Quantcast
Environmental News for a Healthier Planet and Life

5,500 K-12 Schools Have Already Gone Solar

Renewable Energy
5,500 K-12 Schools Have Already Gone Solar
School buses at Analy High School in Sebastopol, California. The Solar Foundation

Nearly 5,500 K-12 schools in the U.S. are harnessing the sun's rays for energy, according to a new report by the Solar Energy Industries Association (SEIA), the Solar Foundation and clean energy nonprofit Generation 180. That means about five percent of all K-12s in the nation are solar powered.

The study, Brighter Future: A Study on Solar in U.S. Schools, 2nd Edition, touts that this switch to renewables has allowed schools to reduce their electricity bills, all while freeing up resources to invest in education. Roughly four million students attend such schools.


A total of 5,489 schools have a combined capacity of 910 megawatts, which is enough to power more than 190,000 homes, the study found.

Here are some notable state achievements from the Brighter Future report:

  • California leads the nation with 1,946 solar schools and a 489-megawatt capacity.
  • Nevada has the highest adoption rate, with 23 percent of schools using solar energy statewide.
  • Arizona has the most solar school capacity on a per capita basis, at 86 watts per student.

As GreenTechMedia reported, cumulative PV capacity on K-12 school buildings has increased by 86 percent since 2008. The reason behind the surge is down to dipping installation prices and new financing options. The cost of installing solar in schools has decreased 66 percent in the past seven years.

"All of the reasons why people are going solar, […] really tie back to the affordability," SEIA spokesman Dan Whitten told the website.

However, the possibility of the Trump administration's new tariffs on imported solar equipment from the Section 201 Trade Case could stymie the country's adoption of solar power.

“Injecting significant additional costs on these projects would poke holes in the very reason that people are adopting solar: That it is affordable and that it is competitive with other fuels. Artificially raising prices is never a good thing," Whitten explained.

The Brighter Future report includes case studies of the unique paths that schools took to install solar.

For instance, at Sacajawea Middle School in Bozeman, Montana, a seventh-grader named Claire Vlases led the charge and helped raised funds to bring solar to her school. Installation cost $115,000, but the solar system is expected to pay for itself in nine years.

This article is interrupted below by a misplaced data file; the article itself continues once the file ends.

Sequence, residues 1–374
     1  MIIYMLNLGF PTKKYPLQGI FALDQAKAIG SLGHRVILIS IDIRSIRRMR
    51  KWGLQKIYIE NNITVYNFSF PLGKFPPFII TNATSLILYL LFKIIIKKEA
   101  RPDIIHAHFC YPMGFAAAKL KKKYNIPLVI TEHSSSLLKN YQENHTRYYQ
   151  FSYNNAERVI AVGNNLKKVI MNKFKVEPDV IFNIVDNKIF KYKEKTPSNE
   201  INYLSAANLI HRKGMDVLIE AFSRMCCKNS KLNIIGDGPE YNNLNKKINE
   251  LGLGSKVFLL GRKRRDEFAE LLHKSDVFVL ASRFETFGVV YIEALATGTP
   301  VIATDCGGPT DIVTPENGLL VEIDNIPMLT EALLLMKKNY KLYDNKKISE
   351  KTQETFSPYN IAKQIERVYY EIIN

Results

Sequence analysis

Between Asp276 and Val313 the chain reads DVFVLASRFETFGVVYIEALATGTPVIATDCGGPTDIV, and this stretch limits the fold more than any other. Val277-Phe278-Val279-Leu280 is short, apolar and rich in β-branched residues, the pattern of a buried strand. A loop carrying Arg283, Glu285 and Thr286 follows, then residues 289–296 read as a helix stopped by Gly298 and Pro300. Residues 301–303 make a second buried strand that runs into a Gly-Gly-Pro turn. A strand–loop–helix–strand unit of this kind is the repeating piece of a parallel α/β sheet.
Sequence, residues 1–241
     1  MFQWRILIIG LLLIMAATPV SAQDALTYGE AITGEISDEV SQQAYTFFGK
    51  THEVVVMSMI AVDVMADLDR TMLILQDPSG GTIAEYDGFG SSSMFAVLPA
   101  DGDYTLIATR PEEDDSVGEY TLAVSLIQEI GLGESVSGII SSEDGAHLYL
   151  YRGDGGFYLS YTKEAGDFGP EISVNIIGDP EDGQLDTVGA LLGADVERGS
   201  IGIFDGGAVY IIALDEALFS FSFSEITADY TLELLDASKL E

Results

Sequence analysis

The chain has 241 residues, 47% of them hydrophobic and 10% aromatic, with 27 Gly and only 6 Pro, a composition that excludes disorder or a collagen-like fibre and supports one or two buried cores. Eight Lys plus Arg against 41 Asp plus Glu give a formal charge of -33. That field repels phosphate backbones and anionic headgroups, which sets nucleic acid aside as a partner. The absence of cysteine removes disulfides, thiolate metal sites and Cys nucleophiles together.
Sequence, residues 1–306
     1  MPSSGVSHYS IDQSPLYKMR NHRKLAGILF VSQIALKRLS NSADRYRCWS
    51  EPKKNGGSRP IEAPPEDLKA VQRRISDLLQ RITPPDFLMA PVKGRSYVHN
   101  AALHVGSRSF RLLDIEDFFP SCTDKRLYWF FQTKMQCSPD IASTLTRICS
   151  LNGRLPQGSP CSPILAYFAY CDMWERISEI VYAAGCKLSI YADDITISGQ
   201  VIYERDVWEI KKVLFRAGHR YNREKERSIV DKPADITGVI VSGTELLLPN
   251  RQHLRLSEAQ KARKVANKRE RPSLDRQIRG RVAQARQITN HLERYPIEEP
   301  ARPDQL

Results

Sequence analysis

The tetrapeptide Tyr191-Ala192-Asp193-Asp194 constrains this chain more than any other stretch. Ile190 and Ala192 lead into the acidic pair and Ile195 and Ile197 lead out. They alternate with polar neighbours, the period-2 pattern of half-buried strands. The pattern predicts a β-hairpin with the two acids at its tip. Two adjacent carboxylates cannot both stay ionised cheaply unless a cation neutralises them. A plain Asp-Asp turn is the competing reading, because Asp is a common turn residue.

“My favorite part about this project was that one person like me could start something small and then the project could grow and have a big impact on the community," Vlases said.

To tie-in with the release of the report, Generation 180 is launching a national Solar Schools Campaign to encourage more schools to make the transition.

The Generation 180 website includes a toolkit that provides a step-by-step advice on the process, as well as resources to assess feasibility and financing.

The purple marks represent solar schools. The orange marks represent case studies of certain schools in the new report.

A 3-hour special film by EarthxTV calls for protection of the Amazon and its indigenous populations. EarthxTV.org

To save the planet, we must save the Amazon rainforest. To save the rainforest, we must save its indigenous peoples. And to do that, we must demarcate their land.

Read More Show Less

EcoWatch Daily Newsletter

UN Secretary General Antonio Guterres delivers a video speech at the high-level meeting of the 46th session of the United Nations Human Rights Council UNHRC in Geneva, Switzerland on Feb. 22, 2021. Xinhua / Zhang Cheng via Getty Images

By Anke Rasper

"Today's interim report from the UNFCCC is a red alert for our planet," said UN Secretary General Antonio Guterres.

The report, released Friday, looks at the national climate efforts of 75 states that have already submitted their updated "nationally determined contributions," or NDCs. The countries included in the report are responsible for about 30% of the world's global greenhouse gas emissions.

Read More Show Less

Trending

New Delhi's smog is particularly thick, increasing the risk of vehicle accidents. SAJJAD HUSSAIN / AFP via Getty Images

India's New Delhi has been called the "world air pollution capital" for its high concentrations of particulate matter that make it harder for its residents to breathe and see. But one thing has puzzled scientists, according to The Guardian. Why does New Delhi see more blinding smogs than other polluted Asian cities, such as Beijing?

Read More Show Less
A bridge over the Delaware river connects New Hope, Pennsylvania with Lambertville, New Jersey. Richard T. Nowitz / Getty Images

In a historic move, the Delaware River Basin Commission (DRBC) voted Thursday to ban hydraulic fracking in the region. The ban was supported by all four basin states — New Jersey, Delaware, Pennsylvania and New York — putting a permanent end to hydraulic fracking for natural gas along the 13,539-square-mile basin, The Philadelphia Inquirer reported.

Read More Show Less
Woodpecker

Colombia is one of the world's largest producers of coffee, and yet also one of the most economically disadvantaged. According to research by the national statistic center DANE, 35% of the population in Columbia lives in monetary poverty, compared to an estimated 11% in the U.S., according to census data. This has led to a housing insecurity issue throughout the country, one which construction company Woodpecker is working hard to solve.

Read More Show Less